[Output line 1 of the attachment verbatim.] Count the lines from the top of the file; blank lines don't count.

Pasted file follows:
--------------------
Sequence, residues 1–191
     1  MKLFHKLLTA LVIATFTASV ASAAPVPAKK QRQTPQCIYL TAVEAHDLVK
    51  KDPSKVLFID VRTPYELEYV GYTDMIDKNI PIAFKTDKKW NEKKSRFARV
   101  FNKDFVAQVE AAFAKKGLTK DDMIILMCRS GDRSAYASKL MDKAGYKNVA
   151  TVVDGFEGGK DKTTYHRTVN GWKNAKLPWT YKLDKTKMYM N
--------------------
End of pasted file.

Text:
Sequence, residues 1–191